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Lawyer outlines a broader conspiracy in search for FBI documents on Oklahoma City bombing

The Salt Lake Tribune | April 17, 2007
Pamela Manson

A Utah attorney alleges informants gathering information on Timothy McVeigh or his associates warned the FBI about the plot to bomb the Oklahoma City federal building but the agency took no action to stop the 1995 attack.

Jesse Trentadue also says there were others involved in carrying out the bombing besides McVeigh and Terry Nichols, despite investigators' conclusion that they were the only ones responsible for the crime.

The allegations are made in a brief filed Monday in a lawsuit by Trentadue, who believes his brother s death in a federal prison was
linked to the bombing. The suit, which seeks documents from the FBI under the federal Freedom of Information Act (FOIA), alleges that
authorities mistook Kenneth Trentadue for a bombing conspirator and guards killed him in an interrogation that got out of hand.


Trentadue noted in his brief that on Thursday, it will be 12 years since 168 people died in the bombing of the Alfred P. Murrah Building in downtown Oklahoma City.

"It will also soon be twelve years since the murder of Kenneth Michael

Trentadue, and three years since Plaintiff started out to
obtain proof that his brother . . . became the 169th victim of the Bombing when he was tortured to obtain information he did not have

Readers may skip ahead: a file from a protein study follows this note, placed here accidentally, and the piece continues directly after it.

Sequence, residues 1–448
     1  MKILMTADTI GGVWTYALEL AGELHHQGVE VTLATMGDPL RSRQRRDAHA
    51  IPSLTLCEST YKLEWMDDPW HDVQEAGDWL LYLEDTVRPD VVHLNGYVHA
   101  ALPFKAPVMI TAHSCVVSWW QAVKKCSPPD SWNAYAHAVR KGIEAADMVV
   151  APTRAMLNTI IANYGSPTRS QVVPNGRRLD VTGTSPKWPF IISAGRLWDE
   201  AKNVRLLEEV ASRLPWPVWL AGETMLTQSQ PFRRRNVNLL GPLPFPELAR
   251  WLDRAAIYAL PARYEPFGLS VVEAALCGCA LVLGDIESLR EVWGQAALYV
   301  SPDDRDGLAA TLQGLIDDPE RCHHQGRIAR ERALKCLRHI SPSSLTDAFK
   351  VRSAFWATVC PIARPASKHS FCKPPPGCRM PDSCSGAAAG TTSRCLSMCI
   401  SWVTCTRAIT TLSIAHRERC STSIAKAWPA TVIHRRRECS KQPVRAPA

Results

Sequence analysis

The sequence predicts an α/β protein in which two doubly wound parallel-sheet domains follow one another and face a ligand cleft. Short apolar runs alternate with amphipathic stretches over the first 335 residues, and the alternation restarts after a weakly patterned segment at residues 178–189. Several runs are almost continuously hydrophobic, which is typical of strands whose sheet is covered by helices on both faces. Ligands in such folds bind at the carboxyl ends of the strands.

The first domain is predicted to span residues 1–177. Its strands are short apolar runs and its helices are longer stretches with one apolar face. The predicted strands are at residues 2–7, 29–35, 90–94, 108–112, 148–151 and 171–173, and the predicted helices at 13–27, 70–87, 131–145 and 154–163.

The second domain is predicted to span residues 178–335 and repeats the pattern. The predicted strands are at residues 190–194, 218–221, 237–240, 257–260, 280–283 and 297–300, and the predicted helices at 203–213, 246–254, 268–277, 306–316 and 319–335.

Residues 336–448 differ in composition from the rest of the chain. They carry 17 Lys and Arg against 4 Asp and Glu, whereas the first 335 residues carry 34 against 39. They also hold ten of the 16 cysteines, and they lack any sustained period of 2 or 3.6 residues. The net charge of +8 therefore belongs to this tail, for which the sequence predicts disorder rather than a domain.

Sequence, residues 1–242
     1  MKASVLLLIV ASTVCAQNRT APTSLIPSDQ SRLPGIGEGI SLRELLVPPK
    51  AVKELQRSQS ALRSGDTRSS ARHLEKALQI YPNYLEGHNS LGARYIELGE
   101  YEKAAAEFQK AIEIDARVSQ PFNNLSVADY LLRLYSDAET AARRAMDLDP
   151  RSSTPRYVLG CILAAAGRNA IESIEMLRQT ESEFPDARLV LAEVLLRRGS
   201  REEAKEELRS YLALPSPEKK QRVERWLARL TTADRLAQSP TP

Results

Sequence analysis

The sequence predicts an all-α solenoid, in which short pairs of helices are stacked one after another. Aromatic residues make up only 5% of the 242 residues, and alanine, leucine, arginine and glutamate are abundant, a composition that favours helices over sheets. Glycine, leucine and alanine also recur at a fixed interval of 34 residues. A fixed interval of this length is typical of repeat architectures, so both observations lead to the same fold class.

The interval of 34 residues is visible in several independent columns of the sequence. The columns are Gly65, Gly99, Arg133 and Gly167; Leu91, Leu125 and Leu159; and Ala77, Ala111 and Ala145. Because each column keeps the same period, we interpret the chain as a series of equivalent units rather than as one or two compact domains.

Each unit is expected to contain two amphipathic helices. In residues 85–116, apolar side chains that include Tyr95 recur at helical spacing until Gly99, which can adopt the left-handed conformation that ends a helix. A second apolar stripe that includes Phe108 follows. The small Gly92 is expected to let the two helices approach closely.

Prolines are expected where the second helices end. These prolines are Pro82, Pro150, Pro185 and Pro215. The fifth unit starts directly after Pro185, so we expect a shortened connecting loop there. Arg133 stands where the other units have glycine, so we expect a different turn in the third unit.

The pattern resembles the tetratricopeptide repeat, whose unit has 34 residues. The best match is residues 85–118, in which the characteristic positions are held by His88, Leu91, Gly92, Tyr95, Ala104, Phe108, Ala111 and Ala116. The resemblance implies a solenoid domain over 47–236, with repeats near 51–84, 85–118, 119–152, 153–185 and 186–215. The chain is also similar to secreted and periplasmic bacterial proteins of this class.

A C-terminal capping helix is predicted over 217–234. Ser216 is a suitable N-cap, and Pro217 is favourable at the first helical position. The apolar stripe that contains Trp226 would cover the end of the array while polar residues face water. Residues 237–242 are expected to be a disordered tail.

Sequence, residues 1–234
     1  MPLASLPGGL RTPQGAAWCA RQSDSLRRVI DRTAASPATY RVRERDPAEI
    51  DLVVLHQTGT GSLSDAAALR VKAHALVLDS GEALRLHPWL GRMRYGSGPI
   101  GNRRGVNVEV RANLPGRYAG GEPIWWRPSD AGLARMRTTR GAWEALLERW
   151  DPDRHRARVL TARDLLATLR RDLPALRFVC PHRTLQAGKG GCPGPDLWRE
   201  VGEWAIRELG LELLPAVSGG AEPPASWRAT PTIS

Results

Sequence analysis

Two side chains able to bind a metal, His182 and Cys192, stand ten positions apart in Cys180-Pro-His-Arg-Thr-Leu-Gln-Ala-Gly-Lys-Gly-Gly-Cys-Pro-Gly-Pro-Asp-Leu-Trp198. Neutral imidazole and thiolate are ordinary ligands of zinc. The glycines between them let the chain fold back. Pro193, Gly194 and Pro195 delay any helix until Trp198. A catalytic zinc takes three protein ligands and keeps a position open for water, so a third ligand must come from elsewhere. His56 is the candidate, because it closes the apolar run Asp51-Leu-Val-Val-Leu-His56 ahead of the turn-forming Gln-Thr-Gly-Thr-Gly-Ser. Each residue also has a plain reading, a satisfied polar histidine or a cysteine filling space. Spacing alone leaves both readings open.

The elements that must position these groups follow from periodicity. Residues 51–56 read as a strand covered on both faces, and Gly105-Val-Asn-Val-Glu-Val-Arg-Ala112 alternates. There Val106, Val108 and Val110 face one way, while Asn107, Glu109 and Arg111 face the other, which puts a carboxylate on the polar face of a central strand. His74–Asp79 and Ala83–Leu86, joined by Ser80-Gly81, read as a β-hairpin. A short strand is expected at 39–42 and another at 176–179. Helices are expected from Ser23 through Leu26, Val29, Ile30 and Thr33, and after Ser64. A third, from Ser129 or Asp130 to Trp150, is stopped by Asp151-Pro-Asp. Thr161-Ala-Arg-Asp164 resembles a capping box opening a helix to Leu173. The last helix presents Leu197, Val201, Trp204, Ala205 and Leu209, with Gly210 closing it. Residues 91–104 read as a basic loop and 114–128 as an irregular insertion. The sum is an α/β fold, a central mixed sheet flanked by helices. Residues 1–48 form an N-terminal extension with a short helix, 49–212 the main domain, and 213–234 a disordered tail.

and eventually was strangled with a pair of plastic handcuffs," the lawyer wrote.

The U.S. Attorney's Office in Utah, which represents the FBI, received a copy of the brief late Monday afternoon and was still reviewing it.

The FBI could not be reached for immediate comment. However,agency officials previously have denied any advance notice of the
plot or mishandling of the investigation into the bombing. They also adamantly deny any wrongdoing in Kenneth Trentadue's death, which was ruled a suicide after several investigations.

In the brief, Trentadue contends he has documented that at least seven informants were involved with McVeigh and his associates. The informants were allegedly participating in sting operations targeting a white-supremacist compound in Oklahoma and a gang suspected of
robbing banks to fund attacks on government buildings. McVeigh, who was executed in 2001, had links to both, Trentadue says.

He alleges that the sting involving the white-supremacist compound a Christian Identity settlement in Adair County, Okla., called Elohim City was a joint operation by the FBI and the Southern Poverty Law Center, a civil rights organization based in Alabama. He claims there is evidence that the SPLC, which heard about the impending attack from the informants, warned the FBI.

SPLC director Mark Potok could not be reached Monday, but previously has said his group never had an informant or anyone else at the compound and did not know about the plot.

Trentadue has asked U.S. District Judge Dale Kimball in Salt Lake
City to allow him to conduct depositions of two men who likely know about the sting operations. They are Nichols, who is serving a life sentence for his part in the attack, and federal death row inmate David Paul Hammer, who was housed on the same prison tier as McVeigh for almost two years.

Hammer spent much of that time "listening to McVeigh describe the
bombing in minute detail, including the identities of others involved," according to the brief.

Trentadue claims the depositions will prove that the FBI has failed to turn over all relevant documents.

Lawyers for the FBI say the agency has made appropriate searches for documents requested by Trentadue. They also say judges in FOIA
cases do not have the authority to order depositions.